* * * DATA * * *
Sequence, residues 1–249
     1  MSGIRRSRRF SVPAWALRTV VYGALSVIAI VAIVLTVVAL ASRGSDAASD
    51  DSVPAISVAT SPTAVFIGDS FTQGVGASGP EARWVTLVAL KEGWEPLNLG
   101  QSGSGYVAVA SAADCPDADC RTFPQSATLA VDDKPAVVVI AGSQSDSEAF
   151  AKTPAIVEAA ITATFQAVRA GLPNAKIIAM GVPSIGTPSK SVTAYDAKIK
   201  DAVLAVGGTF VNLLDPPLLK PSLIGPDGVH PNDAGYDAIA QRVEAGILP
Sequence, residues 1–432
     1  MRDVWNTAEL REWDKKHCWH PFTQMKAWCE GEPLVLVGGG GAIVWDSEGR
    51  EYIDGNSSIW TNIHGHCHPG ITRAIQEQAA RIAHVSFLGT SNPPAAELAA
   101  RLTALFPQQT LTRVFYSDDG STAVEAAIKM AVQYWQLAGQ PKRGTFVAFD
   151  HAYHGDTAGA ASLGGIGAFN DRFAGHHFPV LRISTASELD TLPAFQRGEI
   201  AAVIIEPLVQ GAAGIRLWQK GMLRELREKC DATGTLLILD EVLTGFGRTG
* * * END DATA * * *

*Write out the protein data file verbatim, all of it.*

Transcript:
Sequence, residues 1–249
     1  MSGIRRSRRF SVPAWALRTV VYGALSVIAI VAIVLTVVAL ASRGSDAASD
    51  DSVPAISVAT SPTAVFIGDS FTQGVGASGP EARWVTLVAL KEGWEPLNLG
   101  QSGSGYVAVA SAADCPDADC RTFPQSATLA VDDKPAVVVI AGSQSDSEAF
   151  AKTPAIVEAA ITATFQAVRA GLPNAKIIAM GVPSIGTPSK SVTAYDAKIK
   201  DAVLAVGGTF VNLLDPPLLK PSLIGPDGVH PNDAGYDAIA QRVEAGILP
Sequence, residues 1–432
     1  MRDVWNTAEL REWDKKHCWH PFTQMKAWCE GEPLVLVGGG GAIVWDSEGR
    51  EYIDGNSSIW TNIHGHCHPG ITRAIQEQAA RIAHVSFLGT SNPPAAELAA
   101  RLTALFPQQT LTRVFYSDDG STAVEAAIKM AVQYWQLAGQ PKRGTFVAFD
   151  HAYHGDTAGA ASLGGIGAFN DRFAGHHFPV LRISTASELD TLPAFQRGEI
   201  AAVIIEPLVQ GAAGIRLWQK GMLRELREKC DATGTLLILD EVLTGFGRTG